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///M3 Forum
The BMW E46 ///M3 is the M version E46 and puts out an amazing 333 HP and 262 lb-ft of torque at stock specs! There are an amazing amount of modifications for both the coupe and convertible models so read up and get started modifying your cars today!

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Old 10-09-2012, 11:13 AM   #21
illestminimike
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Old 12-23-2012, 12:20 PM   #22
Chaz.T
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Quote:
Originally Posted by kevro View Post

Next, was the gas pedal TPS sensor. There are six leads and to be honest, I don't remember which ones I used, but along the first row of three pins, try two of those and if it reads 0, try the other two. Same with the second row of pins.

I was hoping to re-address this, I have tested my tps from the front of the motor and found it to be good.
The pedal has 6 pins kinda like this

. . .
. . .
1 2 3
if i connect pins 1 and 2 i get zero reading
if i connet pins 2 and 3 i get a reading of .48 ohms.
however it does not change at all when the gas pedal is pressed/depressed
I have two gas pedals and both of them respond the exact same way.

when checking pins on top row, assuming the same numbers, same thing on both pedals.

I really feel like I am doing it wrong. If there was no change at all, the car wouldn't have moved at all.
I assume when you tested you separated the top row from the bottom row? I have read there are actually two tps built into one sensor to give the cpu a better idea of actual readings vs bad readings?


the tps from the front of the motor tested EXACTLY as you described above and smoothly throughout the range.

Any help would be greatly appreciated
I am having a similar issue. I have checked all combinations of pins and either get an open circuit, 461 omhs or 58 ohms. And as with kevro, when the pedal is pressed i get no change in resistance... Anyone else have better luck? Or is my pedal just junk?
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Old 01-18-2013, 03:04 AM   #23
a4x4iwi
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It looks like they use Hall sensors, not potentiometers.

These are a non contact mechanism using a magnet and a sensor that detect magnetic field. They offer high reliability.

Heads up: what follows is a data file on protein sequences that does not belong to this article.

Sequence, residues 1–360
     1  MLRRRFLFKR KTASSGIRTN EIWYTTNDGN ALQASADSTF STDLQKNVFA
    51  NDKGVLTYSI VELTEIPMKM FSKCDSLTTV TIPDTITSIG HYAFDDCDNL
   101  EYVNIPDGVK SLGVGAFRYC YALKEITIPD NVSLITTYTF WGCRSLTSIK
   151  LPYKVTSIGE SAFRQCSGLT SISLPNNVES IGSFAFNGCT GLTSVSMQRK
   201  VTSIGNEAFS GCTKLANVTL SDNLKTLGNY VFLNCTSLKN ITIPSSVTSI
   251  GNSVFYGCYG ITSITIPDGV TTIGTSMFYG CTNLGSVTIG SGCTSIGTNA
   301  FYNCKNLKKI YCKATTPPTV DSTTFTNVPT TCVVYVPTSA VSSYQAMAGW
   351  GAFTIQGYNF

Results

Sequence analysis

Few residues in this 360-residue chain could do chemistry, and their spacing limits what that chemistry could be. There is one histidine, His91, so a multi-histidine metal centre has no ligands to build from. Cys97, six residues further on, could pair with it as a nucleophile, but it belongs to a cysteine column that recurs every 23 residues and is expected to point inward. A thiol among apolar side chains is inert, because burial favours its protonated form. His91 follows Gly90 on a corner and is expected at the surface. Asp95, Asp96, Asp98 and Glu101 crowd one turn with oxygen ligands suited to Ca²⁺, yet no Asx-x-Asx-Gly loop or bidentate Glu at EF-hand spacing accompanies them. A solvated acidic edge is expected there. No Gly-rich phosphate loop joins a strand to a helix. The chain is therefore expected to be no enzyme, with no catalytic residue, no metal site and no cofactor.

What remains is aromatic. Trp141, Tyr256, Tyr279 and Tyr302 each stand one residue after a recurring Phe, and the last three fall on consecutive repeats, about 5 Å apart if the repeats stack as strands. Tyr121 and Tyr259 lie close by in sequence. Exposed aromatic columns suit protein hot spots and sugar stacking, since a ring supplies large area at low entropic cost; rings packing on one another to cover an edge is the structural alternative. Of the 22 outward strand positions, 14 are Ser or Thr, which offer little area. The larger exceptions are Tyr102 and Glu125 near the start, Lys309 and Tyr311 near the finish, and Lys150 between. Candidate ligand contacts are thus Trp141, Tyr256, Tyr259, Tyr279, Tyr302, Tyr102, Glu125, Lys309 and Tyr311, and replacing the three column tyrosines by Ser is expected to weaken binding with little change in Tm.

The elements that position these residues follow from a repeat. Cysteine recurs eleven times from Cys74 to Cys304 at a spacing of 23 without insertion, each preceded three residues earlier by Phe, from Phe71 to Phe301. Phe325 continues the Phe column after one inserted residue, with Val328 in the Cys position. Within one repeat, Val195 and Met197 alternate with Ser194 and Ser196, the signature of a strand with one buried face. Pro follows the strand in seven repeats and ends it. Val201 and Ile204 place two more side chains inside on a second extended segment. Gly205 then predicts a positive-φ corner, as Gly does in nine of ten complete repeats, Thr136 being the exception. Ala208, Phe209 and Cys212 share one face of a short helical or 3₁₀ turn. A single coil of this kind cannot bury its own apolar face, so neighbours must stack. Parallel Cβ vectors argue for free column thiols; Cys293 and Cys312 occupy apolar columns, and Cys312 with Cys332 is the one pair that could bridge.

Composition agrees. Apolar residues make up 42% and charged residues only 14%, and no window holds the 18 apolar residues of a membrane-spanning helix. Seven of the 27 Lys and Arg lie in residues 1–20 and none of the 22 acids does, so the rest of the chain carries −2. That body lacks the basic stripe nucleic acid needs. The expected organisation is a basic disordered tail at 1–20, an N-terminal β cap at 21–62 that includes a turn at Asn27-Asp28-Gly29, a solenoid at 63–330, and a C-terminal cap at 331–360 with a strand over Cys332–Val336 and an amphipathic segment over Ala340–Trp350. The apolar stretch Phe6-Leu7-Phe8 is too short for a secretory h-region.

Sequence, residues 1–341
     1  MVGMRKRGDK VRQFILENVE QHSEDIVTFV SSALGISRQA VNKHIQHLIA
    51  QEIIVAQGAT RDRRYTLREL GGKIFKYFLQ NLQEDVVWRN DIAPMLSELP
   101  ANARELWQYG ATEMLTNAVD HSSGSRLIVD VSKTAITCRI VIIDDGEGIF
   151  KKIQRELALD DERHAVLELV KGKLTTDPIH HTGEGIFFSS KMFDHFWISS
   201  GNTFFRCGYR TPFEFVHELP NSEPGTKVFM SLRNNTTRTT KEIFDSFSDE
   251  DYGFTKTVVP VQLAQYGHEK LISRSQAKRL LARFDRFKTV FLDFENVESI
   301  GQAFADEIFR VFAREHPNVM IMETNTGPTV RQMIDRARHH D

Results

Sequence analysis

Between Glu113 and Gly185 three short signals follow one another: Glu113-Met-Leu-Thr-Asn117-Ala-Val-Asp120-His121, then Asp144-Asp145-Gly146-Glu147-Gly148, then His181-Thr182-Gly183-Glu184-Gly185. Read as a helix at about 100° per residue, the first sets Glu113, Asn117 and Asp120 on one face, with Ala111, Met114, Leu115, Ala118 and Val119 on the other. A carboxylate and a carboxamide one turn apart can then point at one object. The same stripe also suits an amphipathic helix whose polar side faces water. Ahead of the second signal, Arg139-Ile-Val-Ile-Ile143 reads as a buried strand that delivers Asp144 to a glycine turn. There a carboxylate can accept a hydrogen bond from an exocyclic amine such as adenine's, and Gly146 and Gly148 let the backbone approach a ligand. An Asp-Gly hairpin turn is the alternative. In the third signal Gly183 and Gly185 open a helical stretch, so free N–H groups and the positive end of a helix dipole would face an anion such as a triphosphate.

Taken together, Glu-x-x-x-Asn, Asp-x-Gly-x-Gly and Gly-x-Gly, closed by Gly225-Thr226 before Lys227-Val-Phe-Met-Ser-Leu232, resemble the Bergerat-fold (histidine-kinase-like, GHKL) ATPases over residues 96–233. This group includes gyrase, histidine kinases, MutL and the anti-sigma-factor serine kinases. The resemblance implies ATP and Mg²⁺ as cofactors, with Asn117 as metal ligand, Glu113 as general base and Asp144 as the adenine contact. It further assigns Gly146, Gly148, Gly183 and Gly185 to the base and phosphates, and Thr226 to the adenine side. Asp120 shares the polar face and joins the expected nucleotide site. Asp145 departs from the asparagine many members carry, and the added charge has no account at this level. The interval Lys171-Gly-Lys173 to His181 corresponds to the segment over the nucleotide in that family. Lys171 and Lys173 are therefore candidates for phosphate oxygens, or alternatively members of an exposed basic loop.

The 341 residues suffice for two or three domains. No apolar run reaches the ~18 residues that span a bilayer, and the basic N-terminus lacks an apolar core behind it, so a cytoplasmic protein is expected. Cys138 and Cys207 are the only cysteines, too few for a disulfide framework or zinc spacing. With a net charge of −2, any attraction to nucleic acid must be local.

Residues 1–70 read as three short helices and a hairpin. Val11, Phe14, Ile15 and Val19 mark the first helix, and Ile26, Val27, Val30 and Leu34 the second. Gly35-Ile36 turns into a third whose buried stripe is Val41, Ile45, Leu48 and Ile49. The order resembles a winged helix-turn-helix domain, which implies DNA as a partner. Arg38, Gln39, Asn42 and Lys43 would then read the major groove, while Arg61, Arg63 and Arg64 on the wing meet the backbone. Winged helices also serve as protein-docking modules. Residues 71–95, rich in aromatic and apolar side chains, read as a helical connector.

See http://www.ge39.com/files/m54x5.pdf

Testing would need to be with the ignition in the run position using a volt meter.

Page 11_nr_
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Old 08-10-2013, 12:45 PM   #24
striker66
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Sensor can be tested while REMOVED from vehicle

This thread was helpful to me, but it was apparent from reading that there is some confusion about how to test the throttle postion sensor, namely whether it should be done in the vehicle or with the device removed.

This morning I removed the sensor which is located immediately next to the oil filter cap. I can echo a previous poster's comments that you need to use proper tools here. The two phillips headed screws which attach the sensor are not hardened and unless you have a tool which properly fits the screw heads you run a serious risk of stripping them. I used a right angled socket set with a very short philips driver in it, but even with this I found that I couldn't put enough sideways pressure on the lower screw to avoid some obvious slipping of the driver. I stopped, pondered for a moment how to proceed and eventually found that a large crowbar with the flat end turned sideways gave me a perfect lever to wedge against the engine hoist loop (I think that's what it was anyway) and the backside of my socket driver. With alot of force pushing the driver into the head I was just barely able to break the screw loose and it started turning.